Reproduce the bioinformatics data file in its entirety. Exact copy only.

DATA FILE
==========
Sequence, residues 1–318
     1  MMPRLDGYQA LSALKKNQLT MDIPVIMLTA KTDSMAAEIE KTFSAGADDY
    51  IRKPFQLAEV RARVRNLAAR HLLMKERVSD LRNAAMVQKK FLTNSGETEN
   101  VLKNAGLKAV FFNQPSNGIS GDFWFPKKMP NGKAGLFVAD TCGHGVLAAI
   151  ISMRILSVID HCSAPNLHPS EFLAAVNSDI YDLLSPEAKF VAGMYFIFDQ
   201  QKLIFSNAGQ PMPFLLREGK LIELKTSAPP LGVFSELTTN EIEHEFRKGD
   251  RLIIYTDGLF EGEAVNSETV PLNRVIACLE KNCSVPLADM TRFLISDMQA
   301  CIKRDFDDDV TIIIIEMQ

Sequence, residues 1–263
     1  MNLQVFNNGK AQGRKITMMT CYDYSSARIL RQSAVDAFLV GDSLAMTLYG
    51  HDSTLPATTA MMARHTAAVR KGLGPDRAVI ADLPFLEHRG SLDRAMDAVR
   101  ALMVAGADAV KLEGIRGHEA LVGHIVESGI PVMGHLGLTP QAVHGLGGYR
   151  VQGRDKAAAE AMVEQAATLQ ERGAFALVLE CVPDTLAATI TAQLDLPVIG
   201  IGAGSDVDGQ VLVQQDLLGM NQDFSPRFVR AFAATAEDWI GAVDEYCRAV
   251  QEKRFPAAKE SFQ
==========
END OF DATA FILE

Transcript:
Sequence, residues 1–318
     1  MMPRLDGYQA LSALKKNQLT MDIPVIMLTA KTDSMAAEIE KTFSAGADDY
    51  IRKPFQLAEV RARVRNLAAR HLLMKERVSD LRNAAMVQKK FLTNSGETEN
   101  VLKNAGLKAV FFNQPSNGIS GDFWFPKKMP NGKAGLFVAD TCGHGVLAAI
   151  ISMRILSVID HCSAPNLHPS EFLAAVNSDI YDLLSPEAKF VAGMYFIFDQ
   201  QKLIFSNAGQ PMPFLLREGK LIELKTSAPP LGVFSELTTN EIEHEFRKGD
   251  RLIIYTDGLF EGEAVNSETV PLNRVIACLE KNCSVPLADM TRFLISDMQA
   301  CIKRDFDDDV TIIIIEMQ

Sequence, residues 1–263
     1  MNLQVFNNGK AQGRKITMMT CYDYSSARIL RQSAVDAFLV GDSLAMTLYG
    51  HDSTLPATTA MMARHTAAVR KGLGPDRAVI ADLPFLEHRG SLDRAMDAVR
   101  ALMVAGADAV KLEGIRGHEA LVGHIVESGI PVMGHLGLTP QAVHGLGGYR
   151  VQGRDKAAAE AMVEQAATLQ ERGAFALVLE CVPDTLAATI TAQLDLPVIG
   201  IGAGSDVDGQ VLVQQDLLGM NQDFSPRFVR AFAATAEDWI GAVDEYCRAV
   251  QEKRFPAAKE SFQ